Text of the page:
DYdX founder touts ‘tailor-made’ decentralized derivatives market
High volume and high speed — two desirable characteristics that rarely find themselves in the same room as blockchain technology
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Here’s a statistic that tends to be overlooked, according to dYdX founder Antonio Julio: Derivatives currently make up around 75% of all trading volume in the crypto market.
Deriving value from an underlying asset — rather than spot trading the asset itself — allows for a broader variety of financial mechanisms, such as leverage trading and futures. It also happens to create much greater technical demands on platforms that aspire to provide the service at the high volume and speed that clients demand.
But high volume and high speed are two desirable characteristics that rarely find themselves overlapping in the same Venn diagram as blockchain tech.
On the Lightspeed podcast (Spotify/Apple), Julio explains how dYdX, the perpetual contract market, is trying to address performance demands by building its own custom blockchain, based on Cosmos SDK technology. “It’s tailor-made for derivatives trading, tailor-made for what we’re doing and we’re very excited about it,” he says.
Julio notes the transition to Cosmos is scheduled to take place this month, at which time the platform will be “fully decentralized.”
“Right now, dYdX is hybrid-decentralized,” he says. “It is fully non-custodial. It is fully transparent with what happens on-chain. But the main thing that’s not decentralized right now is the order book and matching engine.”
Most decentralized exchanges, such as Uniswap and Curve, are automated market makers or AMMs, Julio says. It’s much simpler, he continues, to operate an AMM than an order book, which requires “much more performance in terms of transactions per second, low gas fees, et cetera.”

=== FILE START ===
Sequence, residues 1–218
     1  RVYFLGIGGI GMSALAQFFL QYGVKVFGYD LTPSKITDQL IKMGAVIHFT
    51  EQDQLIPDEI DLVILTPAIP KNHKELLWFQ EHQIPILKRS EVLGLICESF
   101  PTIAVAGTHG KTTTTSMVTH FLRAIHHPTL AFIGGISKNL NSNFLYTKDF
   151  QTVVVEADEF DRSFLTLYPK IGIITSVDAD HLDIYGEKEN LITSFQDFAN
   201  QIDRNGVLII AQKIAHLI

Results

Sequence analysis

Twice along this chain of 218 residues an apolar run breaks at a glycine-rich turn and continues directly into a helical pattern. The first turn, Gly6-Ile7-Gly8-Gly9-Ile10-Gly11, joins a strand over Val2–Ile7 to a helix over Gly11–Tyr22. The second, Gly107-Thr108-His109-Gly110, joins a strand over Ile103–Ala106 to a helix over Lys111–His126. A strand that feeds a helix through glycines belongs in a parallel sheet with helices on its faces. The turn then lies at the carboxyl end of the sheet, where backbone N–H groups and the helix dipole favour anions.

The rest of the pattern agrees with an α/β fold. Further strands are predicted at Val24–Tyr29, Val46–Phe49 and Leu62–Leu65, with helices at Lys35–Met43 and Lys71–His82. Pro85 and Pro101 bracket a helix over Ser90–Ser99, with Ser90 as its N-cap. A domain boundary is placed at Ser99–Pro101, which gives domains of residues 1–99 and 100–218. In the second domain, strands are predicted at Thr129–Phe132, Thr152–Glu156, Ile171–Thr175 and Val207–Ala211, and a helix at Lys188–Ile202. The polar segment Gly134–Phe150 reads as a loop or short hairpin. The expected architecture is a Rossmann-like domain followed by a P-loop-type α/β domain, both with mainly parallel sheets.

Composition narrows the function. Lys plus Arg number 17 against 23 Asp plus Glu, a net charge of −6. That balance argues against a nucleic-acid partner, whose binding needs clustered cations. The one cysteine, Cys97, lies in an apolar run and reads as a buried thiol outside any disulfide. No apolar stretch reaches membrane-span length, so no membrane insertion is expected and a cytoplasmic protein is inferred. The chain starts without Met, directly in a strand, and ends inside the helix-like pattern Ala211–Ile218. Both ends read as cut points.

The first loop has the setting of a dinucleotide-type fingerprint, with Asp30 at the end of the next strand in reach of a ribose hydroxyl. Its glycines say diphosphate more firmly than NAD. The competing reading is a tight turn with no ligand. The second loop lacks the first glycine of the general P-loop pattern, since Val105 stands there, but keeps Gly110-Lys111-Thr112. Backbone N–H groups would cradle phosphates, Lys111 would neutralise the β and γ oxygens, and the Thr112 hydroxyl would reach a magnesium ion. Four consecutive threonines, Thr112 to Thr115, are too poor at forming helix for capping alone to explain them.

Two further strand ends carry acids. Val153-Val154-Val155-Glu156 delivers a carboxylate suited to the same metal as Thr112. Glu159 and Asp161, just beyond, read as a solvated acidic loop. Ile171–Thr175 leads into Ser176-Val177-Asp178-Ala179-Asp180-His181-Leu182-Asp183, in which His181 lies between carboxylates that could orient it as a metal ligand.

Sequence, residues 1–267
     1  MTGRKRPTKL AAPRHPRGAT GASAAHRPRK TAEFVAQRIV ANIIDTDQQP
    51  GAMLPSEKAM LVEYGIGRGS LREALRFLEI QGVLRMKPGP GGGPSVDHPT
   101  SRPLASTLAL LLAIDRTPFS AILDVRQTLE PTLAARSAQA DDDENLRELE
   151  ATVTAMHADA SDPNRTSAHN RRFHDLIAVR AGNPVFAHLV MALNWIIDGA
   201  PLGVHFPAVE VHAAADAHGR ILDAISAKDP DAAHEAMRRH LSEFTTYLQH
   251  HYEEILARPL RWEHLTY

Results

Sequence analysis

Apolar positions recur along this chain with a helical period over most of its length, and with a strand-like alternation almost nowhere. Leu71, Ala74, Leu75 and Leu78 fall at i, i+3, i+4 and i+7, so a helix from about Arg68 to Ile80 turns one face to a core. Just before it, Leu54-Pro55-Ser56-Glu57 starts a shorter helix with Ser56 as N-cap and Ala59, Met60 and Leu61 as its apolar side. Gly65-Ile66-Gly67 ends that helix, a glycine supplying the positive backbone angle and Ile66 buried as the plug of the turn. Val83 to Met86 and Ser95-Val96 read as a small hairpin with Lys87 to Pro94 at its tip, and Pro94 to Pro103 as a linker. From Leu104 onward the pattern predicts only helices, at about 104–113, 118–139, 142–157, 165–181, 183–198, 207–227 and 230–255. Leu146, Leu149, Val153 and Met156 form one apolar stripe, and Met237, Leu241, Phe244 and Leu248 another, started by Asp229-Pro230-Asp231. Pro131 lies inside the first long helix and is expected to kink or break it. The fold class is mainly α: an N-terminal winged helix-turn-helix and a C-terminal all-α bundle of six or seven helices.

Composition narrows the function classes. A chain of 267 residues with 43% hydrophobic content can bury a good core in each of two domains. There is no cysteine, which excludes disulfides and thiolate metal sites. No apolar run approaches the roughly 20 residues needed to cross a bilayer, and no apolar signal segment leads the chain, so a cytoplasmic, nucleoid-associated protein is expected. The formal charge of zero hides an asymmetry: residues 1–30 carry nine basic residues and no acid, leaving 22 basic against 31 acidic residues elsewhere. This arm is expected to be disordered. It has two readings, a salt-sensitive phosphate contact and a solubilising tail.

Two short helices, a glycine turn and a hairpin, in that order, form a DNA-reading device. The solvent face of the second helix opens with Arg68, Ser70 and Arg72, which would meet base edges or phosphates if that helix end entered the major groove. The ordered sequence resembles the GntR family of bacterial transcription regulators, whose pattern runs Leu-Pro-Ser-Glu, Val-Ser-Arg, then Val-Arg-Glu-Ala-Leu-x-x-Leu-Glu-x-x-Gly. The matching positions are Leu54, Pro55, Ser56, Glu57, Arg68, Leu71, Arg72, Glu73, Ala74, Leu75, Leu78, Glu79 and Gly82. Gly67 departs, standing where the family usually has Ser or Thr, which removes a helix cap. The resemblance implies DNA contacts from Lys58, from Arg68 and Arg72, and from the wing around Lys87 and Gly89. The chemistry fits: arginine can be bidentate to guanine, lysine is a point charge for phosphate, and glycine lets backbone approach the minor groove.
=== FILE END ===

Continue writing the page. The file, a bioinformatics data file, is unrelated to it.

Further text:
The reason order books demand such high volume and speed is that thousands of programmatically placed orders can take place every second, whether they’re filled or not. “No blockchain can support that,” Julio insists. “StarkWare and all the rest of the [layer-2s] can’t come close to the amount of performance that’s needed for that.”
“Potentially that will change long term,” Julio adds, “and we’re still excited to see that happen, hopefully, but that’s not the case right now.”
Decentralizing the order book
DYdX aims to solve the speed barrier by allowing buy and sell offers to take place off-chain. All settlements where trades are completed happen on-chain, Julio adds, “or at least through the StarkWare rollup that we’re using.”
“The main thing that we’re decentralizing is the order book and the matching engine,” Julio continues. “And that’s actually quite a difficult problem because these systems require really high throughput.”
“We took a look around and asked ourselves, okay, which blockchain can support on the order of a thousand plus transactions per second, ideally with very low or no gas fees.”
“The answer we came back with was none of them.”
The outcome was to build a “decentralized, but off-chain order book and matching system,” Julio says. Taking the concept of the Ethereum mempool, where transactions wait to be mined, Julio says “what if we had the entire order book not have to be put on-chain?”
“The validators can keep the entire state of the order book in their respective memories,” he says, thus furthering decentralization. “But you don’t actually have to add anything to the consensus state of the chain until a trade happens.”
It’s a unique property of the system, Julio says. “Only about one percent of the orders that get placed on any order book-based exchange get filled,” so the system requires “100x the scalability for placing and canceling orders.” The small percentage of trades that actually take place are settled on-chain, he says.
“It made this Cosmos chain that we’re building a really natural fit,” he says, “just because you can do really custom stuff if you own the entire stack.”
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